Monday, January 23, 2006

Election Watch '06: John's Guide To Electoral Reform

After watching all the Tweedledums and Tweedledumbers lo these last few weeks, I've concluded that Canada clearly needs some electoral reforms. To wit, I humbly offer these suggestions:

1. Whoever Wants to Be Prime Minister Should Be Automatically Barred From Seeking the Office
Clearly, the power associated with the office of a national leader attracts the wrong kind of people. One has to only look at our southerly neighbor to see the ultimate example.
Anyone who actually desires the office of Prime Minister is clearly not the sort of person we want running the country. As the famous philosopher Herman once noted: "The people capable of running the country are too smart to get into politics."
(And this goes along with the mood of most voters in the country. Very few actually want any of the current party leaders to be Prime Minister; either they feel they are left with little choice and must choose the lesser of four evils, or they are not voting for one party as they are voting against another one. I think we have to go back to the heady days of Trudeaumania to find the last time the Canadian populace was genuinely moved to vote for someone.)

2. MPs Should Be Chosen at Random from the General Population
To carry things one step further, anyone wants to be an MP should be barred from office. But then how would we choose our MPs? Via lottery. One citizen would be chosen at random from each riding.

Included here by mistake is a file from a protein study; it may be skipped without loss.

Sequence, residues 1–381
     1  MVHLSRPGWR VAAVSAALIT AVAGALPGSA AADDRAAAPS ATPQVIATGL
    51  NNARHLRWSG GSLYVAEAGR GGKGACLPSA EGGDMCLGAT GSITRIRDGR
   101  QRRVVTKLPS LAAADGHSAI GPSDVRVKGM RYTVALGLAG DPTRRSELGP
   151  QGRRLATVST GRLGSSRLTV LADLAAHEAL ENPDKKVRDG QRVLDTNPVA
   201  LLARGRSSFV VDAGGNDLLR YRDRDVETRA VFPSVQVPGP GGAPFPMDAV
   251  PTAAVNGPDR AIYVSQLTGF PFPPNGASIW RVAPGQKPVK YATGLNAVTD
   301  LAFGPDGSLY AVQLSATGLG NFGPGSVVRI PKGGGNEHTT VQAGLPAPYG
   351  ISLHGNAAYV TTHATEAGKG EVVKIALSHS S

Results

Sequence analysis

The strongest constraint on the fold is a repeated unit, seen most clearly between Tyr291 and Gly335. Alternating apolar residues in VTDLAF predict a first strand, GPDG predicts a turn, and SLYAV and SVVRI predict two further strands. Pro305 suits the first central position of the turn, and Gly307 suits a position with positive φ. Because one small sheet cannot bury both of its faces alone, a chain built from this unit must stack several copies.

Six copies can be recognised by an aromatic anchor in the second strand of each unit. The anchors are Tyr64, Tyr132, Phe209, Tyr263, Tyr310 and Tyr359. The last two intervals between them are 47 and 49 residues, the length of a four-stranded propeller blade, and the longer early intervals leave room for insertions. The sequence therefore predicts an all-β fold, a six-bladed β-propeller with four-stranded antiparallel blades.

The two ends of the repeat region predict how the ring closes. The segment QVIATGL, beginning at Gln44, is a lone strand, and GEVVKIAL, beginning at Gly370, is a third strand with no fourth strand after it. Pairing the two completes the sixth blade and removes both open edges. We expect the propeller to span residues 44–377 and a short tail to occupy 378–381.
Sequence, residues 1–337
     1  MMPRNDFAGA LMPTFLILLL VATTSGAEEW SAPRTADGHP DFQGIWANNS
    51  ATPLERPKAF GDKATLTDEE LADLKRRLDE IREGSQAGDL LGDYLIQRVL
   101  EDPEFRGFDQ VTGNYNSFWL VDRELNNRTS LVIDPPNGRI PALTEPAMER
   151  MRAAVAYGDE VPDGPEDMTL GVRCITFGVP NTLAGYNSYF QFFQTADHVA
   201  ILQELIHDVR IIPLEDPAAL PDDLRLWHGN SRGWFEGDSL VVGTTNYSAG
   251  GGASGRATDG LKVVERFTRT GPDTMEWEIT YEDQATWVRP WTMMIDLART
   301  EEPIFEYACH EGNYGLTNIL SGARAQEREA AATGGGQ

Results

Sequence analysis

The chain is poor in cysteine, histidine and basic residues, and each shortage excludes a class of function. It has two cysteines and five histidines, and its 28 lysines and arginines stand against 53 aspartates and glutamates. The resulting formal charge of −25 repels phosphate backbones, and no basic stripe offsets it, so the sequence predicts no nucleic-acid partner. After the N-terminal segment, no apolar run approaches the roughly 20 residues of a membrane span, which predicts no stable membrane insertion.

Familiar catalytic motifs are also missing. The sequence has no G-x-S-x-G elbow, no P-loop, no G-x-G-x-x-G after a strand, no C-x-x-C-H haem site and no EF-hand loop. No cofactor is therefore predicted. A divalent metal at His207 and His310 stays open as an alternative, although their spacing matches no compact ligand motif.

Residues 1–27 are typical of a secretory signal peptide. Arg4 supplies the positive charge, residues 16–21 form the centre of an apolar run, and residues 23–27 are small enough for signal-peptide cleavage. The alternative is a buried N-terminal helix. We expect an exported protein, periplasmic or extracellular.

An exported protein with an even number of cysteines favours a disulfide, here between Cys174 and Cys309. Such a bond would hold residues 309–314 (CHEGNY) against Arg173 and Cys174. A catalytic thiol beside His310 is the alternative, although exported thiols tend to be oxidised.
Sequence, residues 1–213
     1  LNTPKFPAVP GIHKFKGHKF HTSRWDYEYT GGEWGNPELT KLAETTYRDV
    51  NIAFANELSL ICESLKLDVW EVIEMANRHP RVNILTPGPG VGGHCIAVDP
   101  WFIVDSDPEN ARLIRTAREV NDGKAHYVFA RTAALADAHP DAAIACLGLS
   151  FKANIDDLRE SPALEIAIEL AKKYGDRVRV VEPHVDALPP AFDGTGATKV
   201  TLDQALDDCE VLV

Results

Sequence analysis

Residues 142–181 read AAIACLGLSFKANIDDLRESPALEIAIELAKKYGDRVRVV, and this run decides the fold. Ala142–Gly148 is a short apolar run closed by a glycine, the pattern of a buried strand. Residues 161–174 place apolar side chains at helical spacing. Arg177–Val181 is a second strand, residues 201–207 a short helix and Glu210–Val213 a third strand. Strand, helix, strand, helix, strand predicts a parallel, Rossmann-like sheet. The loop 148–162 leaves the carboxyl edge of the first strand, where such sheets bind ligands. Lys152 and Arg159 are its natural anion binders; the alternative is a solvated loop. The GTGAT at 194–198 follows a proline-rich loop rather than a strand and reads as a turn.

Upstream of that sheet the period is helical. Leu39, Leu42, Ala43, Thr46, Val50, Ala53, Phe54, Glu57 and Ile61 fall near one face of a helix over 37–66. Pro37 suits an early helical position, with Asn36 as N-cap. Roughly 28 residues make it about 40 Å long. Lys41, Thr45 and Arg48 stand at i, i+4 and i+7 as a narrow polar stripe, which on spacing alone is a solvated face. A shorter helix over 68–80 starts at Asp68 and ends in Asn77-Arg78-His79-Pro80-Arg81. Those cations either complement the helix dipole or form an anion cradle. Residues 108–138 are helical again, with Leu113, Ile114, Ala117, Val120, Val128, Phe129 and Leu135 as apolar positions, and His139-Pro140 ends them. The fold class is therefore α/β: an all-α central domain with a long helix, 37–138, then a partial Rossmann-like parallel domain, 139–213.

This has the immediate benefit of a House of Commons that more closely represents and reflects the views of the national population.
For example: if 85% of Canadians are against the war in Iraq, it should work out that roughly 85% of our randomly-chosen MPs would be against the war.
If 52% of our population is female, then 52% of our MPs would be female.
If 4% of Canadians are lawyers, then the new House would only have 4% lawyers (as opposed to the 80% it seems we have now).
Parliament would resemble more of a municipal council or Territorial legislature, where various groups may form alliances for specific issues and votes, and a different set of alliances for a different set of issues. All votes would be free votes; there would no parties so no reason to vote along party lines.
Much like how the position of Speaker of the House is voted on by MPs, they would now also select MPs for Cabinet positions, including Prime Minister. (A single mother with two kids would be an excellent choice for finance minister. She would know how to balance the budget, as opposed to a millionaire business man who's so removed from real life that he's never in his life had to account for every cent. But I digress.)

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